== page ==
Though it is usually hidden behind the docker client binary or other tools,
direct communication with the docker
(REST-ish) is sometimes needed in order to debug, understand proper usage, or
simply to learn more about the internals of how Docker works. By default the
Docker daemon listens on a UNIX socket located at
incoming HTTP requests, but also can be exposed on a TCP port. In most cases,
however, the TCP port exposing the Docker API is secured with TLS (otherwise
anyone with access to the API could quite trivially root the box where Docker
is running) and accessing TLS-secured endpoints using
curl can be a real
Communication with UNIX sockets was added in cURL version 7.40, but many Linux distributions come with and/or have an older version in their package manager. If our host distribution’s package version is out of date, we might consider using a container for the proper curl version. However, many of the library images have the same issue. Out of the box in a Debian Jessie container at the time of writing, for instance, we get a slightly older version:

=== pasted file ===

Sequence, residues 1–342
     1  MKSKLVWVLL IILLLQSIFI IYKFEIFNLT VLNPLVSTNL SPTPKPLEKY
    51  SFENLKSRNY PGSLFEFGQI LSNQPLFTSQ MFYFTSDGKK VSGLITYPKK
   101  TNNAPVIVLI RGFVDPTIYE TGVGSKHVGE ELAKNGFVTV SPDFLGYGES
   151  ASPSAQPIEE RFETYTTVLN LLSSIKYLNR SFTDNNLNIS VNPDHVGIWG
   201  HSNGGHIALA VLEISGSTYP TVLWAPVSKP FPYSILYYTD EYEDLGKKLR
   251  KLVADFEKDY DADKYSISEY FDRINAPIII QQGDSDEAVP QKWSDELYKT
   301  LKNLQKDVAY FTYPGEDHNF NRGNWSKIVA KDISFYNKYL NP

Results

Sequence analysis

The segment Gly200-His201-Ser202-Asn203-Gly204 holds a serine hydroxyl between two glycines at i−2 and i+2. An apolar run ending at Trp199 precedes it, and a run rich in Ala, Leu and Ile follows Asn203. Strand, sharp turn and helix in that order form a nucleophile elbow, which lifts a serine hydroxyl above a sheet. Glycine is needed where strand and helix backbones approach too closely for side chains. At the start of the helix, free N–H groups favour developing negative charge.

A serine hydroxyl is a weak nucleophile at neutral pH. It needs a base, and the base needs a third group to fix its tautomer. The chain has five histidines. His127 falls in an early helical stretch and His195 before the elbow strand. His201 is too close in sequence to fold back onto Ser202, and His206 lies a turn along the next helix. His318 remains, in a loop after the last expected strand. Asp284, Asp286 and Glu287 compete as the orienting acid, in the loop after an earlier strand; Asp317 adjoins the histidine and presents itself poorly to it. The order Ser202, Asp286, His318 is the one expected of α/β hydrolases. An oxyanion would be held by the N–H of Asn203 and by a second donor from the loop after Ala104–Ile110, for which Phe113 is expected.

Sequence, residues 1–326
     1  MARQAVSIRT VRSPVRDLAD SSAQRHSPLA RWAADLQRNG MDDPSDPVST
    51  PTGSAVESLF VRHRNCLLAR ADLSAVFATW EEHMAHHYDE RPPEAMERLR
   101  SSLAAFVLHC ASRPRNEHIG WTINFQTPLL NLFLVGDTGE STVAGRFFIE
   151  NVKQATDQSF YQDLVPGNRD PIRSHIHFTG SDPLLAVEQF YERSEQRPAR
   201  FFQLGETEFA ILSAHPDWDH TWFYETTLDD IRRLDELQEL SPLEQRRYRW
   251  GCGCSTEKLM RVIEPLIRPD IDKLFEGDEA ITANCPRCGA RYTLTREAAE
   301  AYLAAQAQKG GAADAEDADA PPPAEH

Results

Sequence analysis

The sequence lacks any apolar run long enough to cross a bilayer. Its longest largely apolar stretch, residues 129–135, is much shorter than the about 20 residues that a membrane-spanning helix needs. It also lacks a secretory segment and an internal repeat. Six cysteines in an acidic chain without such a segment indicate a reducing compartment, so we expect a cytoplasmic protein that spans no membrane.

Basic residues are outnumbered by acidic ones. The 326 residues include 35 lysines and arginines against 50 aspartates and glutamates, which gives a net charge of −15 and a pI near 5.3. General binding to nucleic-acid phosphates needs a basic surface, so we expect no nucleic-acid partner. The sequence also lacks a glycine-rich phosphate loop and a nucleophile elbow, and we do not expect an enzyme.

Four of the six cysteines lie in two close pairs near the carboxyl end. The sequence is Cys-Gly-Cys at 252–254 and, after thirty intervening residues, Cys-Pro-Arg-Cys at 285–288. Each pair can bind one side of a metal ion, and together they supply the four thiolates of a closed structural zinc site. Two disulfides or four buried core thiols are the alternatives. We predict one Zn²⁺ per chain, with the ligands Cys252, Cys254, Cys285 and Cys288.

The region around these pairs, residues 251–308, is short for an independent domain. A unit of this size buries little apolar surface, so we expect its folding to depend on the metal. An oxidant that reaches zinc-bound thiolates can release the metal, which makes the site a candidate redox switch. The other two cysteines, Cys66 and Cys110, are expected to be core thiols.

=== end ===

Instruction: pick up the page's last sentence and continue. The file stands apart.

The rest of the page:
We could build an image to compile
curl from source and use that, but the
resulting image would likely be several hundred megabytes in size. That is
very expensive for a simple image just to run some curl commands on a socket.
Building a small image to run the right curl
Luckily, the very exciting Alpine Linux project
has both a very small disk footprint, and a version of
curl which is
sufficiently up-to-date in their package manager. Consequently a small
Dockerfile such as this:
Will produce a resulting image which is only about 10MB in size, but contains
the curl command we need. I have such an image hosted at
(or you could build your own with the Dockerfile above), so to run curl on the
UNIX socket simply mount the socket in to a container based on this image:
You could make other images which inherit this small base image and add more
fancy stuff like
jq, but for simple debugging purposes a small Alpine-based
image works quite well.
I hope this helps in making communicating with the Docker UNIX socket a bit easier.
Until next time, stay sassy Internet.